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Back in August 2008 at the start of the recent recession, worldwide IT spending growth was strong and increasing at a rate of 10 percent annually. Gartner at the time predicted that worldwide IT spending would hit $3.6 trillion in 2009.
In fact, in 2008, Gartner vice president and senior research analyst Jim Tully, said that “The U.S.-led economic downturn shows no sign of causing a recession in IT spending. In subsequent years we will see reduced growth, but the fundamentals remain strong. Emerging regions, replacement of obsolete systems and some technology shifts are driving growth.”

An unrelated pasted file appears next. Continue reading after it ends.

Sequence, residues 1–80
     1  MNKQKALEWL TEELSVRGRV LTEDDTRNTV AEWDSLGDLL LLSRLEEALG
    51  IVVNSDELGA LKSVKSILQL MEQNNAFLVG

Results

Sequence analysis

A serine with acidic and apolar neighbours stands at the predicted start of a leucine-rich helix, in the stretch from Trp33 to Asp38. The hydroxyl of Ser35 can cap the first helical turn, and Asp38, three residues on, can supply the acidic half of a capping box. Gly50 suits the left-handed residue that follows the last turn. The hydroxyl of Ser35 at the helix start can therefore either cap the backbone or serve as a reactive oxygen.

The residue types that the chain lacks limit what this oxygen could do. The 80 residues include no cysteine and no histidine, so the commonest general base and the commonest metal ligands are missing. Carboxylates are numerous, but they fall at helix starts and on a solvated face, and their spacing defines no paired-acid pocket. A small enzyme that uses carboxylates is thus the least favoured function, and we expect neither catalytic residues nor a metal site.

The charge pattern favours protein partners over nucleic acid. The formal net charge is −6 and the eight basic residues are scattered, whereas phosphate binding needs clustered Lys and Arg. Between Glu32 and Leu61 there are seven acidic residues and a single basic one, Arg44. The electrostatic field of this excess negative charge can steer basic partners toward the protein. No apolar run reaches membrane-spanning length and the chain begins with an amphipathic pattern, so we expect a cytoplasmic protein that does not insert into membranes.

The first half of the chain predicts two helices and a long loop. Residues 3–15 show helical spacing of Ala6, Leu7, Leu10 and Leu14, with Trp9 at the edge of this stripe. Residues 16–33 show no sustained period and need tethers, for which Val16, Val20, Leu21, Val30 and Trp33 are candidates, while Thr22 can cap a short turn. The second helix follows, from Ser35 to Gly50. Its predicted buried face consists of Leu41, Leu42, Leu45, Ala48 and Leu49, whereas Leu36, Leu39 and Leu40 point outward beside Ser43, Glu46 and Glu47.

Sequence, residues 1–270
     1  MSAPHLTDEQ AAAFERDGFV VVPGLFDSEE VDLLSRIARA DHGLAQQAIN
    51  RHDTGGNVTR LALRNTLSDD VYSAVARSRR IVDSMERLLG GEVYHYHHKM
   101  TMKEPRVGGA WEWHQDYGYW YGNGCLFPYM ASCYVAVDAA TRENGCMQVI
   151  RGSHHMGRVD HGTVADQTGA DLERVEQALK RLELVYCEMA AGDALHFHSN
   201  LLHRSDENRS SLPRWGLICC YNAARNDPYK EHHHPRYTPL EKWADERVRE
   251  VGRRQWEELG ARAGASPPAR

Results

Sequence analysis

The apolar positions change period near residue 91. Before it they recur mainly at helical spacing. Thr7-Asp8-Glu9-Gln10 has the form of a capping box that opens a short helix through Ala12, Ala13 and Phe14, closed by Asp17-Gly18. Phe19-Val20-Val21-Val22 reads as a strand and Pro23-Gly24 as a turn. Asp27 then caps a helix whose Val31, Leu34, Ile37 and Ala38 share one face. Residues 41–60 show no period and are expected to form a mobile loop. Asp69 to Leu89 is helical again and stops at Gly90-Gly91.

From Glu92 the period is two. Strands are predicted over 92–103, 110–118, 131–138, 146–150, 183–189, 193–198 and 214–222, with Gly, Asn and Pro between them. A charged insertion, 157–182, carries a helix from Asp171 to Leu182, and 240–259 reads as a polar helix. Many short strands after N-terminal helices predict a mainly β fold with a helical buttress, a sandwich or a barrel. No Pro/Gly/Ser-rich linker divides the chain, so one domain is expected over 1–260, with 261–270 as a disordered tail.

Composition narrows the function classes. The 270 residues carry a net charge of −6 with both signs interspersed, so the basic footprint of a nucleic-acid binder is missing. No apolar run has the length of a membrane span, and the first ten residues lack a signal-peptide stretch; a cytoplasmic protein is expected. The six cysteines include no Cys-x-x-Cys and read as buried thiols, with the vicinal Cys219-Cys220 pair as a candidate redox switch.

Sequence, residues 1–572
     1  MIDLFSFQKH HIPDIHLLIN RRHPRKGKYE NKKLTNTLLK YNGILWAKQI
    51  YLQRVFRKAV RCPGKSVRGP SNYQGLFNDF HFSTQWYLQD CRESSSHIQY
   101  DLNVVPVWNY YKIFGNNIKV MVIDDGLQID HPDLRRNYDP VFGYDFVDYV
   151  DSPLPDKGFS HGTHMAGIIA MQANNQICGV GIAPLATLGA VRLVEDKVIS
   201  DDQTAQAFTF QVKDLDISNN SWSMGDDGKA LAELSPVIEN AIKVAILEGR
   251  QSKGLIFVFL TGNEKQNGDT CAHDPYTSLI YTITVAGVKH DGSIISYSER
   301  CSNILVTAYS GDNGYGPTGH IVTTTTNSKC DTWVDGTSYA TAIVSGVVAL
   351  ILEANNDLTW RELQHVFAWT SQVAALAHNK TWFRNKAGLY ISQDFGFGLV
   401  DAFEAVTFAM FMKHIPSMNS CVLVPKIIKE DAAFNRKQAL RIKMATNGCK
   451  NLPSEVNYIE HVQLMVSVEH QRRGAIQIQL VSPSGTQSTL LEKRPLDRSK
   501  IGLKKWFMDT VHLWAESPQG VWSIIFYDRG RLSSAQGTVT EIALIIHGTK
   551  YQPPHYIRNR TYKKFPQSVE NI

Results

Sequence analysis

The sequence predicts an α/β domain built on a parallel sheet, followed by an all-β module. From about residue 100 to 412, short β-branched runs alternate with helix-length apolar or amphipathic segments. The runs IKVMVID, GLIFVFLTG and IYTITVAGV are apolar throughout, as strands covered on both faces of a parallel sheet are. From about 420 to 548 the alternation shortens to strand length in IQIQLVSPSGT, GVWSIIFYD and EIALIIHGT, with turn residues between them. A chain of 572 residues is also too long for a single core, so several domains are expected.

We all know now that the recession that followed those comments hit much harder than almost anyone anticipated. Now, in 2011, Gartner has new numbers out for worldwide IT spending. The current forecast is that we’ll be hitting $3.6 trillion dollars this year, 2011 and two years later than the prediction originally made by Gartner in 2008. (That’s a huge number. And to put that in perspective, the 2010 GDP for Germany was only $3.3 trillion.)
Richard Gordon, research vice president at Gartner, said that “It is a bit surprising that we have not seen a more significant impact on our global IT spending forecast as a results of the Japan earthquake and tsunami, but despite widespread concerns about disruptions to the supply of critical components in the initial aftermath of the natural disaster, there has not been a dramatic impact on overall IT spending.”